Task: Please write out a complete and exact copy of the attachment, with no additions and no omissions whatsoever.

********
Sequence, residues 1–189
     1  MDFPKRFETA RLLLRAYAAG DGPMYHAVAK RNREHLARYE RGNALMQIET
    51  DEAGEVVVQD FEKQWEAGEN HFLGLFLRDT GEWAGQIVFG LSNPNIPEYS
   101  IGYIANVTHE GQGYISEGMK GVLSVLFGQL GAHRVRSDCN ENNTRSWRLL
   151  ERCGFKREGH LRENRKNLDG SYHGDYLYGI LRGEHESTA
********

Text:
Sequence, residues 1–189
     1  MDFPKRFETA RLLLRAYAAG DGPMYHAVAK RNREHLARYE RGNALMQIET
    51  DEAGEVVVQD FEKQWEAGEN HFLGLFLRDT GEWAGQIVFG LSNPNIPEYS
   101  IGYIANVTHE GQGYISEGMK GVLSVLFGQL GAHRVRSDCN ENNTRSWRLL
   151  ERCGFKREGH LRENRKNLDG SYHGDYLYGI LRGEHESTA